He also vowed to clear his Cabinet of faction leaders who had aided the United States in ousting the Taliban three years ago but who have proved to be deadweights in office.
Karzai, who is to be inaugurated in early December, also promised to accelerate the rebuilding of the economy, devastated by war and drought, with the goal of doubling the income of ordinary Afghans by 2009.
"The Afghan people have placed their trust in us, for which we are very grateful," Karzai said at his Presidential Palace, flanked by his two running mates. "It will be hard to live up to but we will do our best."
Election officials declared Karzai the winner Wednesday after three weeks of laborious counting and allegations of voter fraud and polling errors in the election process brought by his opponents. Eighteen candidates ran for the presidency in the country's twice-delayed, historic Oct 9 election, which was largely peaceful.
A panel of foreign experts that monitored the allegations said it found a string of irregularities, including ballot-stuffing, "But they could not have materially affected the overall result," the panel said.
Yunus Qanooni, who finished second with 16 percent compared to Karzai's 55 percent, accepted the result just hours before Karzai made his televised acceptance speech. Ethnic Hazara chieftain Mohammed Mohaqeq and ethnic Uzbek strongman Abdul Rashid Dostum followed suit.
Casting a shadow over Karzai's victory, and highlighting the country's insecurity, has been the abduction of three foreign election workers last week.
Jaish-al Muslimeen, a splinter group of the Taliban, has taken responsibility for the kidnappings, but officials doubt the little-known group could have done it without the help of local militiamen.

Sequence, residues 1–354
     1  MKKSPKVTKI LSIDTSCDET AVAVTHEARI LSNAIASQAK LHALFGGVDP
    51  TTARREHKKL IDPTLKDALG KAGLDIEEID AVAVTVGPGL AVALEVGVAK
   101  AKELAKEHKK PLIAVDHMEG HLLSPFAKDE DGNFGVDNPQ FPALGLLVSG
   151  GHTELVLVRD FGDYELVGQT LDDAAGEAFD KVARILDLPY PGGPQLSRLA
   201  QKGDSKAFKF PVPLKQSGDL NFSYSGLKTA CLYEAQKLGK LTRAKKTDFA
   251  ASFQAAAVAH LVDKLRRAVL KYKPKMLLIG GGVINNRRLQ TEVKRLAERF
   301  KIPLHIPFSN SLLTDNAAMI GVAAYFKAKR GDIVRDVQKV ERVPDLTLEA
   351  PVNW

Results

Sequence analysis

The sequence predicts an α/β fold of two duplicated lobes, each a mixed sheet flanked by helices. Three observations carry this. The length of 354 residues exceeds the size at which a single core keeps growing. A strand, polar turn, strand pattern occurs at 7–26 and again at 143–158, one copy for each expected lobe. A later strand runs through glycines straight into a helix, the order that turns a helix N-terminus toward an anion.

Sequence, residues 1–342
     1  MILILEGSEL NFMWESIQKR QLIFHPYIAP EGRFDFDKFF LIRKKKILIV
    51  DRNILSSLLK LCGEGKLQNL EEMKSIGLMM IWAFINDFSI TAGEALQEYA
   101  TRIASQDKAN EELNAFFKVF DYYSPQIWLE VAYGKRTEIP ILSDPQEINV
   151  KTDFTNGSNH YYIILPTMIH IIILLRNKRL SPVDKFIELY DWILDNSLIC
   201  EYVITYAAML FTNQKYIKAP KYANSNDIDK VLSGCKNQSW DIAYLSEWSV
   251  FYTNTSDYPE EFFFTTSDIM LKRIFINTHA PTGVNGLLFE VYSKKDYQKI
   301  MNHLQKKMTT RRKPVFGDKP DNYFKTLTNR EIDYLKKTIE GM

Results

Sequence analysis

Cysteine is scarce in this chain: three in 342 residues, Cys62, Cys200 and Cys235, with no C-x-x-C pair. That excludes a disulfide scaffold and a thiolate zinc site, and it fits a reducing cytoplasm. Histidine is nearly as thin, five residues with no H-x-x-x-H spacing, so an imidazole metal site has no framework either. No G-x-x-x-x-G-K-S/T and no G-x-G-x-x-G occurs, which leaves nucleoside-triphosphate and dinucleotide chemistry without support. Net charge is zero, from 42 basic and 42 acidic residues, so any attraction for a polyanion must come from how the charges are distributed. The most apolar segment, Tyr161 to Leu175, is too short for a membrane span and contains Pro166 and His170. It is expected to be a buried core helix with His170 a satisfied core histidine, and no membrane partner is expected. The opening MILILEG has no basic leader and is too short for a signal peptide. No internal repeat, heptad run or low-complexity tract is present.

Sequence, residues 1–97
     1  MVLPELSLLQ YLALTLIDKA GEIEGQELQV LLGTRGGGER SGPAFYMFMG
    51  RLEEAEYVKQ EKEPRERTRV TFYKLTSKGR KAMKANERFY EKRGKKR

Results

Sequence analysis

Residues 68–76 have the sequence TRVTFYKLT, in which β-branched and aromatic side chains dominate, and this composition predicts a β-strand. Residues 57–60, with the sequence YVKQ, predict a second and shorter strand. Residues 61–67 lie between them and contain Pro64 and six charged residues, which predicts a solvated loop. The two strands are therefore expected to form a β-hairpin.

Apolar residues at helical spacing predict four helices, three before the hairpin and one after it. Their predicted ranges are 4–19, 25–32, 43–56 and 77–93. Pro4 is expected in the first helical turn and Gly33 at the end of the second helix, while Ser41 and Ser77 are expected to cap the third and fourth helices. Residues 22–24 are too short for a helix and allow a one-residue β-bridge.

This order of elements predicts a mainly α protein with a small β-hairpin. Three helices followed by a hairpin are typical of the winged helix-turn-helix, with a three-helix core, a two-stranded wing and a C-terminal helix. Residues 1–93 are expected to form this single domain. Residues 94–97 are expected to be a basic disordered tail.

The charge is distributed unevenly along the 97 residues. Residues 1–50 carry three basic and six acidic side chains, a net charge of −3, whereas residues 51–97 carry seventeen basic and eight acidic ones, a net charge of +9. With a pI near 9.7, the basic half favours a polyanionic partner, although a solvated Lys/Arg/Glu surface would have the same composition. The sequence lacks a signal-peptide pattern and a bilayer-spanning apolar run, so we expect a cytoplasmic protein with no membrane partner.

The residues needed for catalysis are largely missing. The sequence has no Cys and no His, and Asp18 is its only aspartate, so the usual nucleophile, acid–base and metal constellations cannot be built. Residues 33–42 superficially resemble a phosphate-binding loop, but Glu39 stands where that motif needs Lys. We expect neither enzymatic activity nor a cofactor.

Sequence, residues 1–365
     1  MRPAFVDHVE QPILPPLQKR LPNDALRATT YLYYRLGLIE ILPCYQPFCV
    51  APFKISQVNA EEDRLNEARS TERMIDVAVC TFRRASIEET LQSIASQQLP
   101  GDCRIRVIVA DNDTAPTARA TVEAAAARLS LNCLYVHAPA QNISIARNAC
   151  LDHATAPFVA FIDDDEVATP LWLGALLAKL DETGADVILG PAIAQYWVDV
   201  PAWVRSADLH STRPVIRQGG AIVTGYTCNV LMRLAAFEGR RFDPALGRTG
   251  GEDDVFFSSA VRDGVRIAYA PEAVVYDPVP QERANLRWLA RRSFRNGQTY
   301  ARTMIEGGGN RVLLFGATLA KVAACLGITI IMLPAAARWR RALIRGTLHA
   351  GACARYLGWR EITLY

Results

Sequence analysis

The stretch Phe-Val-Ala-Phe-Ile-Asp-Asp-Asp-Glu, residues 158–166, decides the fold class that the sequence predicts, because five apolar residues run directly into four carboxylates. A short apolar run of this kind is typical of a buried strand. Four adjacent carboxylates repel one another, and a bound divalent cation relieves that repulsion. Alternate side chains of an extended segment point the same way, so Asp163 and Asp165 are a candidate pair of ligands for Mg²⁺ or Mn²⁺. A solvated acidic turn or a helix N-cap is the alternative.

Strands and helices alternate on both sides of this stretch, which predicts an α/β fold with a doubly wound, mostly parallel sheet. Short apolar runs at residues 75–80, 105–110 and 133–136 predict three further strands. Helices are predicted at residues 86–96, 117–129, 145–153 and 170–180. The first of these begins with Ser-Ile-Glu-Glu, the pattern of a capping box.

The group released a videotape of the hostages Sunday and has demanded the withdrawal of British troops and the United Nations from Afghanistan in return for the hostages' lives.
On Thursday, the group said that talks on their demands, including the release of Taliban prisoners, had broken down, and they would decide Friday whether to kill the trio.
"The government said they would think about releasing those Taliban held in Afghan prisons and discuss the prisoners held by the Americans," spokesman Syed Khaled said.
UN spokesman Manoel de Almeida e Silva thanked the Afghan government Thursday for its efforts to free the hostages. He said the world body was "doing all it can" in support, but gave no details.
The abductions were the first kidnappings of foreigners in Kabul since the Taliban was ousted in 2001, and sparked concern militants were copying the tactics of their Iraqi counterparts.
Electoral Board Chairman, Zakim Shah appealed for the swift release of the victims "to put an end to this suffering during what should be a time of national celebration."